Japan…[drop in] cooling loads: Yoshimura, Kazuki, Kazuki Tajima, and Yasusei Yamada. “Development of Switchable Mirror Glass.” Synthesiology 5, no. 4 (2013): 262-269.
electrochromic line…[vs.] traditional windows: Gunn, “Windows.”
Project Drawdown defines smart glass as: glass that dynamically changes its opacity to reduce or increase the amount of light and heat that is allowed to pass through. This technology replaces conventional, non-dynamic glass.
Smart glass promises energy savings for both thermal and lighting systems in buildings and transportation. Applications include sunlight regulation in buildings and glare reduction on rear-view mirrors. There are many technologies that allow this, including those that automatically change in response to light, heat, or an electrical current (that is, by human control). Smart glass can greatly reduce the inefficiency of building windows and other glazed surfaces and can also eliminate the need for shading, resulting in an increase in natural lighting in buildings. In this report, we examine the potential financial and climate impact of increased adoption of smart glass instead of plain glass for commercial building applications.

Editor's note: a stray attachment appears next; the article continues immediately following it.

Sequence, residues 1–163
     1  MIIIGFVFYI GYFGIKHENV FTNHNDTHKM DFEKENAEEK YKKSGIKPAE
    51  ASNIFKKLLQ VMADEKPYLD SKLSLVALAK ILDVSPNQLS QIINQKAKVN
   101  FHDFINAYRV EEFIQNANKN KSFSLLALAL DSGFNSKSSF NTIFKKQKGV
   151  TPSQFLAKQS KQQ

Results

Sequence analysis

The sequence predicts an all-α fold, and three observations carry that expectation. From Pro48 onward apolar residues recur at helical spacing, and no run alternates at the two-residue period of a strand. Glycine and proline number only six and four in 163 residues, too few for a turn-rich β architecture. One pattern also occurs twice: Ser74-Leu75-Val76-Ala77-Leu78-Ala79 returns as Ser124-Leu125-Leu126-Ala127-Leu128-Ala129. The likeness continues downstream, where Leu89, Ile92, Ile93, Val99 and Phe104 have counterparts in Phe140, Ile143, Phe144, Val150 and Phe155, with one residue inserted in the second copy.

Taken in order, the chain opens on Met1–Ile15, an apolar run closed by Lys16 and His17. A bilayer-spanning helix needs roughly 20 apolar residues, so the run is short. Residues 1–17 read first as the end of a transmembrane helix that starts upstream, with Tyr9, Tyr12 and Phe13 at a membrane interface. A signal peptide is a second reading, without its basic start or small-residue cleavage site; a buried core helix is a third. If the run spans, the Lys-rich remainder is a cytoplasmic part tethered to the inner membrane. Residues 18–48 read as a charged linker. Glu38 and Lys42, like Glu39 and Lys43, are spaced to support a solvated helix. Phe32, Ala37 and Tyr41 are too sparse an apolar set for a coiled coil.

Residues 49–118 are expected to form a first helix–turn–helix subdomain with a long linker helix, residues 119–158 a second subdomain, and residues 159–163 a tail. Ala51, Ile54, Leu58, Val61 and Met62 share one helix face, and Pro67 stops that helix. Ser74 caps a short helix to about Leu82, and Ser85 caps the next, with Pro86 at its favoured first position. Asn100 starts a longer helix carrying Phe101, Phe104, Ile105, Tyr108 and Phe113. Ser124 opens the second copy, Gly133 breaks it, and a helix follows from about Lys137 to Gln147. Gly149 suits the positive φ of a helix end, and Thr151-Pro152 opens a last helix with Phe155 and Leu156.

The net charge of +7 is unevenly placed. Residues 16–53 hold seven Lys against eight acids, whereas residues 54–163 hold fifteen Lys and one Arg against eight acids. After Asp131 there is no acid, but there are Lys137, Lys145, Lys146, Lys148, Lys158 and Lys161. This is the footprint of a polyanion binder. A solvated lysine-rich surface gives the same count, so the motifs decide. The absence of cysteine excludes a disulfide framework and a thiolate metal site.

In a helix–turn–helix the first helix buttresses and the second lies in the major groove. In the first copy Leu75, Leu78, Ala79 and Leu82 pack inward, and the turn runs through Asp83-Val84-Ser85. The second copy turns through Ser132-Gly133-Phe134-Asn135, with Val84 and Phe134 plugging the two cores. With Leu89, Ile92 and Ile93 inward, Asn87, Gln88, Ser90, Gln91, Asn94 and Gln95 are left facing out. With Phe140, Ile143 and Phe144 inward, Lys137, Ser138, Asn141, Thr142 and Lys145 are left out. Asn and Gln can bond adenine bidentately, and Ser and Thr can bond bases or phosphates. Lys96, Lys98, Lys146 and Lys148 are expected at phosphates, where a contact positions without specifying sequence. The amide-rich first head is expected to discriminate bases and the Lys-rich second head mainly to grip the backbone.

Total Addressable Market 
The total addressable market for commercial architectural glass was determined based on the estimated growth in commercial floor area and the average window-to-floor-area ratio from the Global Buildings Performance Network. Recent sales data of smart glass from four market research sources was used to estimate the solution’s current adoption  in square meters.
Adoption Scenarios 
Impacts of increased adoption of smart glass from 2020-2050 were generated based on three growth scenarios, which were assessed in comparison to a Reference Scenario where the solution’s market share was fixed at the current levels.
For smart glass, three scenarios were developed based on near-term projections and long-term targets from international organizations:
- Plausible Scenario: For near-term forecasts to 2022, historical and trend data estimated by Navigant Research (2012) was used, and interpolated with a far future forecast guided by the World's Green Buildings Council target of 100 percent net zero buildings by 2050.  A more conservative number of 30 percent adoption in 2050 was chosen.